Nate making his first pupusa

We inquired about how to make the perfect pupusa and before we knew it, the cook had invited us back to the kitchen. We had personalized instruction from Lillia who showed us how to make pupusas! Honored that she was taking the time to demonstrate the technique, Lillia invited Nate to try to make a pupusa himself. Pupusas aren’t hard to make at all but seeing her skilled hand prepare them was invaluable.

I predict that one day this guy’s gonna open up his own
pupuseria in the States! 

My little cutie-patooty and his pupusas!

So how did OUR pupusas taste? Aaron and Ike were rather unimpressed. Nate felt as if he was tasting play-dough. I didn’t think they were that bad. They were definitely better than the pupusas the Hubs tried to make a few weeks ago. Can you say “blech!” 

We did everything according to her instructions. I was a keen observer and despite the lack of flavor when we tried to make pupusas at home, we need to not give up. There wasn’t a secret ingredient mixed into the corn flour but maybe it was the seasoned griddle Lillia used, I’m still trying to figure it out.  I’m not giving up on mastering this dish though, I assure you! I just finished the book The Art of Eating In and feel more compelled than ever to master tasty, interesting, economical meals for my family.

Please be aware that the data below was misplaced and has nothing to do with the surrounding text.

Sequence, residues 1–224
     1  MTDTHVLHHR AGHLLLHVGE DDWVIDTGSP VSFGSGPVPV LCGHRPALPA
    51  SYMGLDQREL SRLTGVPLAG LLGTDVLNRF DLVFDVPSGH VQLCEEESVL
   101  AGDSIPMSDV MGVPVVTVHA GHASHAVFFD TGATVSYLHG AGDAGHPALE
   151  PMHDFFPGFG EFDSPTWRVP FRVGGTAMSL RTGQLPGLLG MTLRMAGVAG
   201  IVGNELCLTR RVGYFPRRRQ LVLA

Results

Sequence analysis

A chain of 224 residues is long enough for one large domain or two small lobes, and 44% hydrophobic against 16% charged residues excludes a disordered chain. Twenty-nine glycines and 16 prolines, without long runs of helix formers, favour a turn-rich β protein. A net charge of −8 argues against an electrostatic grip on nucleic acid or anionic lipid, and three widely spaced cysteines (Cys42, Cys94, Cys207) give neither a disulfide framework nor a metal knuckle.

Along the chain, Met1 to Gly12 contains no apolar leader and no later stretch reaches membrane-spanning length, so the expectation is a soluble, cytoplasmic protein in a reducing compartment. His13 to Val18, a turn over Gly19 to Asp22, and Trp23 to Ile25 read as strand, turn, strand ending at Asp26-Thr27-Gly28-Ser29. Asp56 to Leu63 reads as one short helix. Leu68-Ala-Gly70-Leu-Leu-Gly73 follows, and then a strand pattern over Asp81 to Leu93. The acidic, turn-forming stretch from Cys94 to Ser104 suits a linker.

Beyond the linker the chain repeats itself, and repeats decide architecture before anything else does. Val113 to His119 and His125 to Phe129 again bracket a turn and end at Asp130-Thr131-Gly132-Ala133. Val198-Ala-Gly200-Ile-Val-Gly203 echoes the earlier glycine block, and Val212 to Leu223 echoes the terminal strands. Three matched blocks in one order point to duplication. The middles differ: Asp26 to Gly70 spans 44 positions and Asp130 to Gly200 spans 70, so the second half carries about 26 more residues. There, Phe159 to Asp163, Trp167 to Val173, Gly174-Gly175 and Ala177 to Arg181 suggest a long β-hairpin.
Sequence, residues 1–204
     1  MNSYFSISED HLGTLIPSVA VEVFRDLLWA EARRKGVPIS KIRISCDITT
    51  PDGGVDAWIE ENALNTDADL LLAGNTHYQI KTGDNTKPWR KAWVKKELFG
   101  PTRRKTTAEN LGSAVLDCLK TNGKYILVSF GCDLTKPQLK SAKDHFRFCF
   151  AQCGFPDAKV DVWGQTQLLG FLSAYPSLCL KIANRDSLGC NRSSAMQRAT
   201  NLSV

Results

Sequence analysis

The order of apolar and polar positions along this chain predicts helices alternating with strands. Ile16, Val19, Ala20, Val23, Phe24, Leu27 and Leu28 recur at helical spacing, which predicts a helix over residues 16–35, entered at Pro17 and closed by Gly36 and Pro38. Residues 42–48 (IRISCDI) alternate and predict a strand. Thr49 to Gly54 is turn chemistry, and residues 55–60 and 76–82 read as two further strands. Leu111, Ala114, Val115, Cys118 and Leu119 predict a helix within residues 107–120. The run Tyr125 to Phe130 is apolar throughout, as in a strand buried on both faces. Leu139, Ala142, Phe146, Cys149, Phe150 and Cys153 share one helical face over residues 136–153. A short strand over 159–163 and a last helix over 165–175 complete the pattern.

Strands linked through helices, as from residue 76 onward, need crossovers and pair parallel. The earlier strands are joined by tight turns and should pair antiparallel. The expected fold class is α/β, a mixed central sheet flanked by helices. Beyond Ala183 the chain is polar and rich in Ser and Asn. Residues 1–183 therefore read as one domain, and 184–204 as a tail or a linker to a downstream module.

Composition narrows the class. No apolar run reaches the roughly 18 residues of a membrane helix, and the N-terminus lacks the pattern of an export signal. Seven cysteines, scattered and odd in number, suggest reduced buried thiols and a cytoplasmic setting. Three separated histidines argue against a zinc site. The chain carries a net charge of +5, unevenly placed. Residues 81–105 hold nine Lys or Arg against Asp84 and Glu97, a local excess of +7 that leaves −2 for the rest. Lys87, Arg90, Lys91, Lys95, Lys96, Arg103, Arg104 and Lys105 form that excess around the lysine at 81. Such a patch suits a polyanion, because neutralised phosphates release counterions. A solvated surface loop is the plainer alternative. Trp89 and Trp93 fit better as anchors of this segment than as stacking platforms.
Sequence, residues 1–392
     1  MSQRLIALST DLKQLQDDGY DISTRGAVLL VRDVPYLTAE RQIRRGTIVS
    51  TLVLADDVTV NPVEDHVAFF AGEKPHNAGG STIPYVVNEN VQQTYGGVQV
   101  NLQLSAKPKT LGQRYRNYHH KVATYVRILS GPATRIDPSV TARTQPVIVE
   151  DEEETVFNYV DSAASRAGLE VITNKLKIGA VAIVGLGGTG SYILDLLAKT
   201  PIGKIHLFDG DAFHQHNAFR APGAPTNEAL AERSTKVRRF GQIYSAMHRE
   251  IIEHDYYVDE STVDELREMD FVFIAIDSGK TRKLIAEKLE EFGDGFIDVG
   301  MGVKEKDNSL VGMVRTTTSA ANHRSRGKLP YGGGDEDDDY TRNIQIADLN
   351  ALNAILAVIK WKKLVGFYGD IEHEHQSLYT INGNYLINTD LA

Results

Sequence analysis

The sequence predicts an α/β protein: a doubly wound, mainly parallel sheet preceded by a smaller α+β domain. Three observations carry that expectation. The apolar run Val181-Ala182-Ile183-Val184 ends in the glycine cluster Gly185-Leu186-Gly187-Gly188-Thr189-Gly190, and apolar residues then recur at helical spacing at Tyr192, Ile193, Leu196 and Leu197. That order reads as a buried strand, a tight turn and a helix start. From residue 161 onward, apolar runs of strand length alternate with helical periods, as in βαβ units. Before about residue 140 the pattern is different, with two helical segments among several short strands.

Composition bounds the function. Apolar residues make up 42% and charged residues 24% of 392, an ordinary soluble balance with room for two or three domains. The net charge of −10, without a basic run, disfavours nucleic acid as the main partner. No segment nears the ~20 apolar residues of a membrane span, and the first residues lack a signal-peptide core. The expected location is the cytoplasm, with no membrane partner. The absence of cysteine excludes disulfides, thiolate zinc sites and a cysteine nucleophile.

We are praying that one day, Lord willing, Lu and her family will come here for a very special cooking demonstration.  

Even though our pupusas weren’t as good as the ones in El Salvador and at Tarasco’s, we remain blessed and optimistic about the future of cooking and of love. When the world feels so close and people get along, it is cause to rejoice!

Chicken broth for the soul

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Chicken broth and me have a thing. I’m not sure when it started but I’d say we’re pretty hot and heavy. Perhaps it began (cue dreamlike music) to the time when I went to Lima, Peru and helped in a local soup kitchen.

It was 2007, I was on a mission trip and one day our team went to a very poor village where, among other things, I chopped fresh herbs for the local ladies as they made chicken foot soup for the villagers. We were told not to try any food so I don’t know how it tasted but the local village men gobbled it down before they returned to work.

I am a fan of DIY chicken broth and I very much dislike canned soup. Now that I have mastered making my own chicken broth, the Hubs knows he skating on some very thin ice anytime he brings in a can of (HORRORS) soup!

Here are some reasons I like making my own chicken broth.

Healthy – I know what I put into it. Using local, in season vegetables I often get at the farmer’s market means I selected the ingredients my family is ingesting.